Pregnant? We Can Help

by Katie McGee
Adoptive Family Caseworker

Placement days are special days around Covenant Care. As an adoptive family caseworker, I have the privilege of serving couples in the process of adopting. I walk with these couples as they wait months and sometimes years for that moment.

Witnessing a couple meet their baby for the first time never gets old. As an adoptive mom, I know first hand what that moment feels like. All that you’ve prayed for, hoped for, longed for, scrimped and saved for…all of the pain of waiting is fulfilled in an instant. It’s surreal. Overwhelming in the best way to describe it.

These moments are made even more precious when you know the backstories that go with them. Details like how the couple was led to pursue adoption or how long they waited typically include some sort of loss or hardship. It is beautiful to see a physical representation of God’s faithfulness placed in the arms of a new mom and dad. For them, so much of what they’ve been through finally makes sense.

Often in the world of adoption we consider the possibility that an adoptive couple has experienced loss prior to pursuing adoption-through infertility or the loss of a child. We also regularly think about the birth family, especially in domestic adoption, and the loss that they experience by making the selfless choice to place their child with another family. But we sometimes forget that the precious child placed in the arms of those new parents has a history too. Until we adopted, I had never considered the loss the child experiences in adoption.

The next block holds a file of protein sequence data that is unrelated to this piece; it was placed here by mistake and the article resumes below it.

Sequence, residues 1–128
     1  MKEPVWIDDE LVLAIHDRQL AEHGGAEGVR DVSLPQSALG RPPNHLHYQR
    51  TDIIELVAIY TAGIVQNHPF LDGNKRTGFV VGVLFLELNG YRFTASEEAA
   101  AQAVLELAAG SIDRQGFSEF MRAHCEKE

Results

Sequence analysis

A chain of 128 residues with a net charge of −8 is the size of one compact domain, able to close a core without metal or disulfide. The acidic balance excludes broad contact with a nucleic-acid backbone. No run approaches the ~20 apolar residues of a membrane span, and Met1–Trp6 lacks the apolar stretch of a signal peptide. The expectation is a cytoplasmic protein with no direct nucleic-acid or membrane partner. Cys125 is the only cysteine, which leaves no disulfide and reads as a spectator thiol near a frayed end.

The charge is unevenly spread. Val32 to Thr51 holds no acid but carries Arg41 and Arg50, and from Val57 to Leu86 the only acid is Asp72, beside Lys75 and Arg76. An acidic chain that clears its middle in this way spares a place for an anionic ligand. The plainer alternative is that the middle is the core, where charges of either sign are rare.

When I met my daughter’s birthmother all of that changed for me. There was a real person with a name and a story and a family on the other side of my dream come true. I fell in love with her. It broke my heart that for her daughter to become my daughter, it would mean they would lose the opportunity to really know each other. And the relationship between mother and child is sacred.

One of the things that CCS does when a child is placed with a couple is a placement ceremony at our office. Our staff, the family of the couple, the couple, and the child all gather in our board room for a time of prayer and blessing. Our director always reads a couple of passages of scripture, including this portion of Psalm 139:

For you formed my inward parts;
you knitted me together in my mother’s womb.
I praise you, for I am fearfully and wonderfully made.
Wonderful are your works;
my soul knows it very well.
My frame was not hidden from you,
when I was being made in secret,
intricately woven in the depths of the earth.
Your eyes saw my unformed substance;
in your book were written, every one of them,
the days that were formed for me,
when as yet there was none of them.

I will be honest and say that for awhile, I felt a little awkward when we would read that. I would think to myself, “Doesn’t this just remind this couple that this baby wasn’t formed in this mom’s womb?” I was reading this passage recently when it struck me that yes, this passage would remind a couple that the baby they hold on placement day is not biologically theirs…and that is kind of the point!